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A Closer Look at the Decrepit World of Wall Street Rental Homes

This new incursion by hedge funds and private equity groups into the American single-family home rental market is unprecedented, and is proving disastrous for many of the tens of thousands of families who are moving into these newly converted rental homes. In recent weeks, HuffPost spoke with more than a dozen current tenants, along with former employees who recently left the real estate companies. Though it’s not uncommon for tenants to complain about their landlords, many who had rented before described their current experience as the worst they’ve ever had.

A former inspector for American Homes 4 Rent who worked in the Dallas office said he routinely examined homes just prior to rental that were not habitable. Though it wasn’t his job to answer complaints, he said he fielded “hundreds of calls” from irate tenants.

– From the Huffington Post’s excellent article: Here’s What Happens When Wall Street Builds A Rental Empire

This is a topic that I have been writing extensively on since the beginning of the year. In fact, I don’t think there’s another topic I have focused so intently on in the whole of 2013, with the exception of the NSA revelations. It all started back in January with my post titled, America Meet Your New Slumlord: Wall Street, which received a huge amount of attention in the alternative media world.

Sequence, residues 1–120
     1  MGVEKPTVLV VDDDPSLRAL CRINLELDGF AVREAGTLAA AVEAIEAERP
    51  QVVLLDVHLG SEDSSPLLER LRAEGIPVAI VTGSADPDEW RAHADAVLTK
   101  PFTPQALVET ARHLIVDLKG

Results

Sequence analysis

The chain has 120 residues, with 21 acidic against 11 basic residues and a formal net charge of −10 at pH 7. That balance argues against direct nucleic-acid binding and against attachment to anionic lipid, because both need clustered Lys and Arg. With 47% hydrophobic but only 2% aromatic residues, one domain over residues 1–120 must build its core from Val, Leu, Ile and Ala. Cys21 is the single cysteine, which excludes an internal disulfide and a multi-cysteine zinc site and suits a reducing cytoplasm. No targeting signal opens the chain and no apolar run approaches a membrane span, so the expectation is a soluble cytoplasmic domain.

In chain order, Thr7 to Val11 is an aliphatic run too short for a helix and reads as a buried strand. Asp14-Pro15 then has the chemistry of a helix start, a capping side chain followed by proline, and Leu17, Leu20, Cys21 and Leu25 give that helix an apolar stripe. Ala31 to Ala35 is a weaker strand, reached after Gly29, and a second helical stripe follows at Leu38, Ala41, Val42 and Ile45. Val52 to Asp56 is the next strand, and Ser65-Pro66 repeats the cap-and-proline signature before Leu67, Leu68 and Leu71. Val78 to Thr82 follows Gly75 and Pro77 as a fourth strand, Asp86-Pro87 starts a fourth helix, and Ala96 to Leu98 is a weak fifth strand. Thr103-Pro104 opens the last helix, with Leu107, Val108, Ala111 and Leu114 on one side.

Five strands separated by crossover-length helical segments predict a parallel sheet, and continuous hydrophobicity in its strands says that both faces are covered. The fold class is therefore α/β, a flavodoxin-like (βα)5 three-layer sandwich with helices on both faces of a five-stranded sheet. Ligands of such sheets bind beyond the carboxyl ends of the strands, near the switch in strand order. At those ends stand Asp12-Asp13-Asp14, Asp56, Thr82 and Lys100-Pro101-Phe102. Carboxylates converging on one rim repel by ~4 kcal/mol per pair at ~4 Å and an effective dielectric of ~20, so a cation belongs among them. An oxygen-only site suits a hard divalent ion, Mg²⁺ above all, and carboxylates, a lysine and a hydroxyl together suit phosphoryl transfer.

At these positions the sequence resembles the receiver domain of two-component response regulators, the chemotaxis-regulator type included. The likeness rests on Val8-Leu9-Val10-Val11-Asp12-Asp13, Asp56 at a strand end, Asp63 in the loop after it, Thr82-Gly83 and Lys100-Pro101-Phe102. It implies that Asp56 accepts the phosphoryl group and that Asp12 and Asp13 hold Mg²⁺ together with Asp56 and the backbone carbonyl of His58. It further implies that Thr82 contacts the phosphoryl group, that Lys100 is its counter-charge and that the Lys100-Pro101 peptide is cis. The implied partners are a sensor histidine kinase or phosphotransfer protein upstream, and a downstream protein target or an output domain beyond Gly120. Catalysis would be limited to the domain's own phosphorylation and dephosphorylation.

I knew from the start that this whole “buy-to-rent” thing would be a disaster. Over the last decade or so, everything that Wall Street touched has turned into a scheme primarily focused on parasitically funneling wealth and resources away from society at large to itself. This is no different. They call it a “new asset class.” I call it Wall Street serfdom.

What makes this article even more interesting is that it’s not simply greed, it is also obvious that these Wall Street firms have no idea what the fuck they are doing. For example:

Former employees of the companies, who spoke on condition of anonymity because they worry about jeopardizing their careers, said their former colleagues can’t keep up with the volume of complaints. The rush to buy up as many homes as possible has stretched resources to the point of breaking, these people said. 

My advice to people out there in the rental market, is they should try to avoid Wall Street rentals. The three main companies highlighted in this article are: Invitation Homes (owned by Blackstone), Colony American and American Homes 4 Rent. Unfortunately, it appears these companies may try to hide their presence in certain markets so you may have to do additional digging. For example, WRI Property Management is the local agent of Colony American in Georgia.

More from the Huffington Post: